Save Gloucester’s historic Fort Square


(via the OlsonNow site)

An emergency call to save Gloucester’s historic Fort Square

A group of people from Gloucester (David Rich, Peter Anastas and others mentioned further on) recently sent us the following material on new zoning and urban renewal/destruction plans for Gloucester, things that Charles Olson fought tenaciously against. Let us always remember that Olson’s legacy is as much on the ground, among the people of real places, as it is on the page. Think of any imaginative coalitions, venues for publicity so that this story can get off Cape Ann to a wider constituency.

Ammiel Alcalay

First e-mail from David Rich:

The local press and controversy on the rezoning has been intense and consuming. Much written, but nothing that’s made it off Cape Ann. Here’s an article written by art critic Greg Cook about photographer Ernie Morin’s advocacy through his art:

here’s an article from the Gloucester Times about the very heated and contentious city council meeting where Fort residents showed up en masse to protest the proposed rezoning:

On top of this, the mayor wants to lift the entire DPA: the designation that keeps Gloucester an industrial port, to transform the entire harbor into a recreational yachting and hotel center. For that she needs state approval, but to take Fort Square, which falls outside of the protected zone, she needs only a city council vote. We had a week’s worth of meetings in Gloucester with a power-point presentation showing us renditions of what a ‘renewed’ Gloucester would look like: there was nothing left! All boardwalks and pleasure boats and quaint shops.

I could try to dig up those articles, regarding the DPA, from the summer. Right now, the Fort is her most vulnerable target.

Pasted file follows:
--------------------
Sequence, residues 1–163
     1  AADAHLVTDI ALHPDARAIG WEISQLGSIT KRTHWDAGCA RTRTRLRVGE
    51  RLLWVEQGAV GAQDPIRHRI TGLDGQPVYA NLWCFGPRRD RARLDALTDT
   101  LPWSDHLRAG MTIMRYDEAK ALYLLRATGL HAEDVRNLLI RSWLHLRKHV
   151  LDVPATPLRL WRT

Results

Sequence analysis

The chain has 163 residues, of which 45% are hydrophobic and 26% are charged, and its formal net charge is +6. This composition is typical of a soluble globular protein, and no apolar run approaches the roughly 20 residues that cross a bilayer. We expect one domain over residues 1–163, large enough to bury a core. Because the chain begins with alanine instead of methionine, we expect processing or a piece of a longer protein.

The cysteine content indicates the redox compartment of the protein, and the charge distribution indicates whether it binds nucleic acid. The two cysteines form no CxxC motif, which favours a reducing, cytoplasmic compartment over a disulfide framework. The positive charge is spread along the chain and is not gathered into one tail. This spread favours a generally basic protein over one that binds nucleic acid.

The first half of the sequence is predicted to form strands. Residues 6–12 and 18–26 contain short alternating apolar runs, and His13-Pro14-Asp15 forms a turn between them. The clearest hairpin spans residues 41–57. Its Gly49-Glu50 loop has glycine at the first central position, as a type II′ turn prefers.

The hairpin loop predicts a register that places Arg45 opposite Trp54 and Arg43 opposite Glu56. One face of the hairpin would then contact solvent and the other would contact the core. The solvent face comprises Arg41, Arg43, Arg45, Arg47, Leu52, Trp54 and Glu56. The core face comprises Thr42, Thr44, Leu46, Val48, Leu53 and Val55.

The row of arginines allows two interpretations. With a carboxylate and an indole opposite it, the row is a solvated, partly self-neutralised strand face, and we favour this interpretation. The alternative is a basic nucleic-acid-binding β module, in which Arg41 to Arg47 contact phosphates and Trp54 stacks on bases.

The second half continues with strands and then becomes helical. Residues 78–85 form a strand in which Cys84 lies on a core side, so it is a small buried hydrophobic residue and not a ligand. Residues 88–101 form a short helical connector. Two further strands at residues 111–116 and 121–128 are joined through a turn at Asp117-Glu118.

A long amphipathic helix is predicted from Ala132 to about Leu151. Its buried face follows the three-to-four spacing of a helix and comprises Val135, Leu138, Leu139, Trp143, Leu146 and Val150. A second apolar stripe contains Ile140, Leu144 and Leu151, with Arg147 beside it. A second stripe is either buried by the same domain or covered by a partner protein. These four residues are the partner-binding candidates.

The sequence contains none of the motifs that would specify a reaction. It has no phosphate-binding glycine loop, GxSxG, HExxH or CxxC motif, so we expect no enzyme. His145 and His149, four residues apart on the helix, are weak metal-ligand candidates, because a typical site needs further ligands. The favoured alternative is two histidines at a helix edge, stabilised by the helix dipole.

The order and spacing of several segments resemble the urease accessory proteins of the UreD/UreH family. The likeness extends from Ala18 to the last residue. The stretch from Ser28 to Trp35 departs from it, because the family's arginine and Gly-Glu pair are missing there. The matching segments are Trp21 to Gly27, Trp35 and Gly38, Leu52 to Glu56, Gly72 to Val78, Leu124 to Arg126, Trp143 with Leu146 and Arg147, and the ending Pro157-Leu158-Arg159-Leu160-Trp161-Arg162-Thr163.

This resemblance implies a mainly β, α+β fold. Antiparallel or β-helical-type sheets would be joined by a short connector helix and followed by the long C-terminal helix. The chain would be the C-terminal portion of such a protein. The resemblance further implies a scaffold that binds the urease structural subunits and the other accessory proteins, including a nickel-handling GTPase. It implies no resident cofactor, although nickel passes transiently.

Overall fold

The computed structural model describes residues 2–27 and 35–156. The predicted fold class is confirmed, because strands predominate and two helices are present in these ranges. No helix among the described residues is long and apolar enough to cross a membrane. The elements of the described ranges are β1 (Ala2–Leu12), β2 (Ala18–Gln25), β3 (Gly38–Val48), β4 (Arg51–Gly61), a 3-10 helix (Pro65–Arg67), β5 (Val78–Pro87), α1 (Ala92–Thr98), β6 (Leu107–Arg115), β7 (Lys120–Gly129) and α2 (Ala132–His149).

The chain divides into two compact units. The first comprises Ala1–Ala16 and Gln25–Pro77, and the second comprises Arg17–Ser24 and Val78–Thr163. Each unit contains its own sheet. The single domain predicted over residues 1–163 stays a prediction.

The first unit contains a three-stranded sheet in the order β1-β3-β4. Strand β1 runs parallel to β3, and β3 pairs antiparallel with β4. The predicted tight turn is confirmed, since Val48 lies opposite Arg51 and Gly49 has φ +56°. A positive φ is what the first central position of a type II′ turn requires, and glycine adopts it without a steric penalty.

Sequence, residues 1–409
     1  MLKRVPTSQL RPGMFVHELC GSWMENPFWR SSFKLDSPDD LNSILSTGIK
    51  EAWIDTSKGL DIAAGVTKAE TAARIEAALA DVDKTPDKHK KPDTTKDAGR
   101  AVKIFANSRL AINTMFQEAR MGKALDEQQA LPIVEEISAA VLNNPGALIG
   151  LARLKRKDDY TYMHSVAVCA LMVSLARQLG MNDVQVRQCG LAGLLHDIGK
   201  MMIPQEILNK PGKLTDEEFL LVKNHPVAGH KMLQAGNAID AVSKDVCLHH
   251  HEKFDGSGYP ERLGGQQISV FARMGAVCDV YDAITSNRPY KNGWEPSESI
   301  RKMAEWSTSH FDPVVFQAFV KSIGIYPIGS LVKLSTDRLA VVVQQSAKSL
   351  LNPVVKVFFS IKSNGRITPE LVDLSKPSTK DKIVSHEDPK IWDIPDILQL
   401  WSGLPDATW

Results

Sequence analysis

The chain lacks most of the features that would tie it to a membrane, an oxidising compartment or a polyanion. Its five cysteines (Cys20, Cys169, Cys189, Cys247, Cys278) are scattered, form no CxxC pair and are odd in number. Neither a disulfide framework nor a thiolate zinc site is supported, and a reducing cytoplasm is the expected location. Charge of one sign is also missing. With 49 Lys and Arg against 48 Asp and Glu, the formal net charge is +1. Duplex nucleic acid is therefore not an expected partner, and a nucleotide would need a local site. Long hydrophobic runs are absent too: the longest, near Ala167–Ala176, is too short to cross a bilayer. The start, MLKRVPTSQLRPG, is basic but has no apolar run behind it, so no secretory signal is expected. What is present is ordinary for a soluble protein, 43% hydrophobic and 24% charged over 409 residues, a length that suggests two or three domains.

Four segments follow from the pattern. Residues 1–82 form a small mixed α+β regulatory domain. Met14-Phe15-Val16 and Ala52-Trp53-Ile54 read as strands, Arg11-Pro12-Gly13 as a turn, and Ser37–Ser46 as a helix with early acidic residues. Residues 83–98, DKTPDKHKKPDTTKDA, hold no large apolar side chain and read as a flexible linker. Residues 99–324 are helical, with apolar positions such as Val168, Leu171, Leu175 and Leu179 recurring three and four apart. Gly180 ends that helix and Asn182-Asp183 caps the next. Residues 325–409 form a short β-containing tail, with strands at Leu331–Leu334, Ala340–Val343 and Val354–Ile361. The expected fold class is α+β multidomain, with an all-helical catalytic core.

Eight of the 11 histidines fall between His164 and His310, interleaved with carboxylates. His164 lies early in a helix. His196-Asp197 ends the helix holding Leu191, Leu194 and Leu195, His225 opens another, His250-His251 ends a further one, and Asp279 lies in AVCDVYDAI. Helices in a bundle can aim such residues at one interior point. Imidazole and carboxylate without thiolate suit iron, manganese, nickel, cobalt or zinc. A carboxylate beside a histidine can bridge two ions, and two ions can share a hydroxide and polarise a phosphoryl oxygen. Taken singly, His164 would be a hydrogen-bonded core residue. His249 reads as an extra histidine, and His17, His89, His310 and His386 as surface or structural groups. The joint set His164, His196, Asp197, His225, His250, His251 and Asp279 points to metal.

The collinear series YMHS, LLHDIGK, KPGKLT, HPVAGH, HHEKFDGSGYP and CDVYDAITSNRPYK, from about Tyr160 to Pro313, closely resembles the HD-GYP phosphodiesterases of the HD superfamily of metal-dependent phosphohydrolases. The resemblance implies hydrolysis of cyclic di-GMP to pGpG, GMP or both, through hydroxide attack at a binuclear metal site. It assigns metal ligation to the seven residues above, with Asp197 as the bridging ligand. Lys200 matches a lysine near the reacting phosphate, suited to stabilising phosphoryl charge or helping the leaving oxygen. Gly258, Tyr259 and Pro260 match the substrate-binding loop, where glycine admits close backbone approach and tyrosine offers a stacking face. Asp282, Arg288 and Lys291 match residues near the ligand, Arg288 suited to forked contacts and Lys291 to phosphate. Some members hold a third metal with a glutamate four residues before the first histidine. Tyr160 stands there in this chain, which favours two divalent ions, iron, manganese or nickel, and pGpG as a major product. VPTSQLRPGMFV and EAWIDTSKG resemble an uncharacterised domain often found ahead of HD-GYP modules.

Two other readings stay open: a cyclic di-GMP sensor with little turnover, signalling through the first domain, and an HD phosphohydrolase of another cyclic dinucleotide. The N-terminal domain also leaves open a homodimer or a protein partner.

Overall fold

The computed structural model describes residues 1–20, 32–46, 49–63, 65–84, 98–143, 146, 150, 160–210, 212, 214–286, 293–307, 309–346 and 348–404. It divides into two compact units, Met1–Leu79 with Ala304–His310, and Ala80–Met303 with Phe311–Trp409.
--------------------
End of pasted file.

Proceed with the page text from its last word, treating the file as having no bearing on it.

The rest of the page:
Two articles that Peter Anastas sent in:

Fort residents deserve better than city’s lip service

September 23, 2008 04:45 am
Gloucester Daily Times

To the editor:

This city is not a corporation that can be run by a CEO — and the rezoning of the Fort is a clear example of how not to conduct our business.

The residents and businesses were not consulted until September in a process that started in January and was conducted in an ivory tower. The city’s economic development office did not visit the largest business on Commercial Street, an abutter to the hotel site, until the day after my slide show presentation to City Council on Aug. 19.

As far as I know, none of the residents were apprised of the city’s work on the rezoning either. Posting something on a Web site for a neighborhood that is “old-school and offline” is not inclusive management.

An unprecedented 200 people showed up at a City Hall, organized, articulate, stating multiple times and for multiple sound reasons a strong and over-arching opposition to the hotel in a way that clearly was not merely a not-in-my-neighborhood stand, but one suggesting this would not be best for the city.

Yet, our mayor writes in her e-mail memorandum (The Times, Friday, Sept. 19), that “concerns raised about a potential hotel at the Birds Eye site I heard as questions — questions about traffic, coexistence, protecting the business interests, beach access, etc.”

That is a problem; you cannot dictate from above to residents and the strongest part of your working waterfront.